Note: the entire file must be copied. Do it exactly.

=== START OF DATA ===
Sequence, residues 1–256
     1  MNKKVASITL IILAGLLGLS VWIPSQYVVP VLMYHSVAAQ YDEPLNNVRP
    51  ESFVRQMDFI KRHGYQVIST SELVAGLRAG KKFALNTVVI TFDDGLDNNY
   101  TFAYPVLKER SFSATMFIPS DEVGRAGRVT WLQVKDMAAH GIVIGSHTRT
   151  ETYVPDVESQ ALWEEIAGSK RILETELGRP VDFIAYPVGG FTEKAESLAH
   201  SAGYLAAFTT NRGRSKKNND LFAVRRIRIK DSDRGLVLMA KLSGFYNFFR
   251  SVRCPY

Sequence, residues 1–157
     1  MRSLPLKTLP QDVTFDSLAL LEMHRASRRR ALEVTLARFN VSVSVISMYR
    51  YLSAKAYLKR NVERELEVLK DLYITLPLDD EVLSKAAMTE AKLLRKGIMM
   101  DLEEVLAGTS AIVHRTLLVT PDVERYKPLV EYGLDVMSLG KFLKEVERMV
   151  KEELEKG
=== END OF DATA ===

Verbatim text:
Sequence, residues 1–256
     1  MNKKVASITL IILAGLLGLS VWIPSQYVVP VLMYHSVAAQ YDEPLNNVRP
    51  ESFVRQMDFI KRHGYQVIST SELVAGLRAG KKFALNTVVI TFDDGLDNNY
   101  TFAYPVLKER SFSATMFIPS DEVGRAGRVT WLQVKDMAAH GIVIGSHTRT
   151  ETYVPDVESQ ALWEEIAGSK RILETELGRP VDFIAYPVGG FTEKAESLAH
   201  SAGYLAAFTT NRGRSKKNND LFAVRRIRIK DSDRGLVLMA KLSGFYNFFR
   251  SVRCPY

Sequence, residues 1–157
     1  MRSLPLKTLP QDVTFDSLAL LEMHRASRRR ALEVTLARFN VSVSVISMYR
    51  YLSAKAYLKR NVERELEVLK DLYITLPLDD EVLSKAAMTE AKLLRKGIMM
   101  DLEEVLAGTS AIVHRTLLVT PDVERYKPLV EYGLDVMSLG KFLKEVERMV
   151  KEELEKG